One of the most common frustrations is to follow up a page reference only to find that it leads to a mere mention of the term without any substantial information. I have just timed myself following up 13 page references to ‘insects‘ in a book on living things in the home. It took me just under four minutes to trace them all (some ten-year-olds might well take twice as long) and barely half the references yielded any real information on insects. In the same book a reference to ‘dogs‘ leads to: ‘The nematods are related to those that can live in a dog or cat – but exist in far bigger numbers.’ An adult will realize that this is a dud reference but what will our ten-year-old make of it?
Even more demoralising is when the index deliberately conceals the word you are looking for – tucking it away in some unexpected corner of the alphabet. We teach children to identify key words which define the information they are seeking and show them how to search for these words in the alphabetical sequence; so that if they want to look up what our book on living things in the home has to say about woodworm they will expect to find the term indexed at W. So how do you explain to them that on this occasion they won’t find woodworm at W but at F in the alphabetical sequence?
Just pause and try and think this one out… you are, after all, an adult and should be able to suggest to a puzzled child why he should be looking at F for a key word that begins with W. Let me put you out of your misery – the woodworm is the larva of the furniture beetle and the word woodworm has been indented as a subheading at that term. Well now you can explain where to look for caterpillar (that’s right – at B for butterfly). But where should we be looking for information about snakes or slowworms (neither is to be found at S in the index). This is where things start to get a bit more complicated because we find snake at R for reptile but slowworm isn’t at R (despite the fact that slowworms are reptiles) so how do we explain that in this case we look at L? Well you see slowworms are lizards… but hang-on a minute, shouldn’t lizards be indented at reptiles (together with snakes) and then slowworms indented at lizards? If you are starting to feel pretty confused, what do you think this index has done to the confidence of a child attempting to follow our simple rule about key words?
And don’t imagine this sort of thing only happens in natural history books – take a look at a book on the Gulf War that indexes President Sadam Hussein at H but indents President George Bush at USA. In the same book Patriot missiles are indexed at P but if you want Scud missiles you are referred to a subheading at Iraq.
Less prevalent but equally frustrating is the failure of some indexes to include key terms. Let’s compare two books in an interesting series on Exploration and Encounters. Each contains a similar double-page spread on navigation methods in the 15th and 16th centuries: one book indexes ‘navigation‘, the other doesn’t. One of these books is about the Portuguese voyages to the East in search of trade; a major theme is the conflict between Christian and Muslim traders. The word ‘Christians‘ is indexed but not ‘Muslims’ (although Muslims are discussed on nine of the 41 pages of text).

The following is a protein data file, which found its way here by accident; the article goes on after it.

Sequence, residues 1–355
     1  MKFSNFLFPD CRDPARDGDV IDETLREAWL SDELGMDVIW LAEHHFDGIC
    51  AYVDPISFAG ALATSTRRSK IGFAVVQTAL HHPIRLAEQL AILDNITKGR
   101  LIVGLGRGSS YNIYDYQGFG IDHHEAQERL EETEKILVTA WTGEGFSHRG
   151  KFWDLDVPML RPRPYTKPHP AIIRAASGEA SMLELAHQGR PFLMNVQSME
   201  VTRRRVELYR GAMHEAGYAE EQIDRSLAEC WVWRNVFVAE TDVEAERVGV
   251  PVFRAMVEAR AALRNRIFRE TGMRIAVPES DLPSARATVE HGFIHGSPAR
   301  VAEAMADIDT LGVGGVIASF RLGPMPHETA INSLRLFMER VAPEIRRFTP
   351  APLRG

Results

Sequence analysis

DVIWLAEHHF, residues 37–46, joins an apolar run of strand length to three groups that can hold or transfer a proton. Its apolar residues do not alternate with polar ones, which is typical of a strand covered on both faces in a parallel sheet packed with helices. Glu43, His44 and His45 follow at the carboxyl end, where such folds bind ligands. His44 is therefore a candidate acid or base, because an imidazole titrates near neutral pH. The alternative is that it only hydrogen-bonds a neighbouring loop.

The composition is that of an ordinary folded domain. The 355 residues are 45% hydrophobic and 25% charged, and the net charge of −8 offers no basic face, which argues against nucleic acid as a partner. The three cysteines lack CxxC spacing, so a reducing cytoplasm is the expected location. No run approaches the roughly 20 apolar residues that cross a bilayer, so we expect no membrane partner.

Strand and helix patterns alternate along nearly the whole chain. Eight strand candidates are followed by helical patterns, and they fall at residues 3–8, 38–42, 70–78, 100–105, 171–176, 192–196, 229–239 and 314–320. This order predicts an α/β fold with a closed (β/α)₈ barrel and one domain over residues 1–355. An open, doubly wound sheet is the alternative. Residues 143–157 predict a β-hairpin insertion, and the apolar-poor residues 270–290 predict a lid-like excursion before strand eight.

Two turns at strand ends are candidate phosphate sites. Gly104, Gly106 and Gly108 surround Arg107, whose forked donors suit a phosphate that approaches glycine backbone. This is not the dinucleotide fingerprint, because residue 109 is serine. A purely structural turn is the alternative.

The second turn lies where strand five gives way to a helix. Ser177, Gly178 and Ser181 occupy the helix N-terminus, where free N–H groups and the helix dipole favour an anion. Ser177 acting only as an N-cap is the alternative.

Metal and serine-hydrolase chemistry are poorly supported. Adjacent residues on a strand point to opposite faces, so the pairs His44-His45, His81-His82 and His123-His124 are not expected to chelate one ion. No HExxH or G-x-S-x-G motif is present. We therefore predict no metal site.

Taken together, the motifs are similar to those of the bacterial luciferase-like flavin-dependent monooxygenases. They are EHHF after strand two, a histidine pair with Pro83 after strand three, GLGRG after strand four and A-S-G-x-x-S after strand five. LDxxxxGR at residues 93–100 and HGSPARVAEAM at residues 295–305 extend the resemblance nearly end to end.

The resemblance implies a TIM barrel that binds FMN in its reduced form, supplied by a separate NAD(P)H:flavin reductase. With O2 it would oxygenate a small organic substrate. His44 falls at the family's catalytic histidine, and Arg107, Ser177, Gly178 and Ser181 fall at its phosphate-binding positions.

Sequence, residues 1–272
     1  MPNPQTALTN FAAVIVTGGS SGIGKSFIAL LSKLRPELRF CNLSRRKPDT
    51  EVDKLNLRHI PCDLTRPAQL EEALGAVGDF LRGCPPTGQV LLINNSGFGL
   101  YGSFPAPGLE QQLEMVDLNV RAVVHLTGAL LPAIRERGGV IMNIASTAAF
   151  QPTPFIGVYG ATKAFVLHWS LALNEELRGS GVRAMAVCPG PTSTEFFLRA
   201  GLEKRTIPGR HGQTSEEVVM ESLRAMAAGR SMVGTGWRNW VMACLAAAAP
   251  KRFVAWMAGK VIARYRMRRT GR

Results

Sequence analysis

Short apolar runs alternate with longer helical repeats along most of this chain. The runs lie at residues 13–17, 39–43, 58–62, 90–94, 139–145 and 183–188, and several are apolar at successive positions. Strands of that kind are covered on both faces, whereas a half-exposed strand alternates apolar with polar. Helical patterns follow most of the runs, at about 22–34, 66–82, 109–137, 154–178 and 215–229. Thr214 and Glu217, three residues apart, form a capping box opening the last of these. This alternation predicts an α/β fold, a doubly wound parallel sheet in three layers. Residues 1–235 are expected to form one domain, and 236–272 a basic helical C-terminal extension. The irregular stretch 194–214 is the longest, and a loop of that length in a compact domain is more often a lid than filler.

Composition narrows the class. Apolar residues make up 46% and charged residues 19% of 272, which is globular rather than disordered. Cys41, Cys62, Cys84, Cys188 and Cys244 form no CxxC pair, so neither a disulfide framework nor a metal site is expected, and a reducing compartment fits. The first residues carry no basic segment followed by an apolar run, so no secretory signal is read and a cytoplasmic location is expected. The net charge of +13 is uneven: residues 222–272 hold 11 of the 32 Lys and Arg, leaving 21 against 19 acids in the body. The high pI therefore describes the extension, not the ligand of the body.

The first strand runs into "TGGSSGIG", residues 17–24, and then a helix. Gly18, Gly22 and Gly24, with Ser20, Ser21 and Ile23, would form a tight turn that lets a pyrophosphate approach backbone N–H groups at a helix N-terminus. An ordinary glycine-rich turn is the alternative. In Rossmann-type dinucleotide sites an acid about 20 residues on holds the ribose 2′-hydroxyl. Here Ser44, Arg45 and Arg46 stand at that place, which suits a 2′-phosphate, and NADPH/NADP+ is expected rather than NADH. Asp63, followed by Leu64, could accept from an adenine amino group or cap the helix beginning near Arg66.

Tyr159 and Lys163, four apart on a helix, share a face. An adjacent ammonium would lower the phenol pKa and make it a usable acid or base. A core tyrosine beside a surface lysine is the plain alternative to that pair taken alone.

Let me mention just one final irritant: the failure of publishers to number all the pages in some information books (design considerations prevailing over concern for ease of retrieval). Where this occurs in a sequence of several pages it can be the final straw for the inexperienced information seeker following up a page reference from the index.
Let’s look at some examples of all these indexing faults in a book on Romans and Celts (aimed at Key Stage Two). Imagine a nine-year-old who wants to know about ‘slaves‘ – he finds five page references in the index but he is held up in his search for them as three of the pages he’s looking for have no page numbers. The first page he finds has a useful paragraph on slaves, the second has an illustration of a street scene with a slave (labelled), but the other three pages yield nothing whatsoever about slaves. He next looks for ‘soldiers‘ in the index but there is nothing at S so he tries A for ‘army’ – nothing there either. He gives up, having (naturally enough) missed the word ‘soldier’ indented at ‘war‘. If he had found this entry with its three page references (one unnumbered) he still would have missed a full page illustration of Roman soldiers with four useful sentences of text which the index has failed to include. But so far he hasn’t found anything on Celtic soldiers (or more correctly warriors). Although they are discussed and illustrated on four pages he will find nothing in the index. He tries ‘Boudicca’ – nothing at B but he finally tracks her down indented at ‘chiefs‘ (along with Julius Caesar!) He looks at W for ‘women’ but they have been indented at ‘people‘ – next he tries ‘food‘ – that’s at ‘people’ too, along with ‘clothes‘ and ‘cooking‘. Of course this is an extreme example of a bizarre index but there are hundreds of books which exhibit these` same faults on a more modest scale.
Is it surprising that many children abandon any pretence of using those ‘organisational devices’ that the National Curriculum is so anxious for them to master? In a world where a growing number of reference sources are available on CD-Rom shouldn’t publishers of children’s information books start to take the question of information retrieval more seriously? When it comes to tracking down specific information children could find that CD-Rom offers a more user-friendly approach – with lead-in menus providing all the virtues of a highly structured contents page and key word searching no problem (not to mention the added bonus of hypertext cross-referencing at the touch of a button). But that’s the start of another story…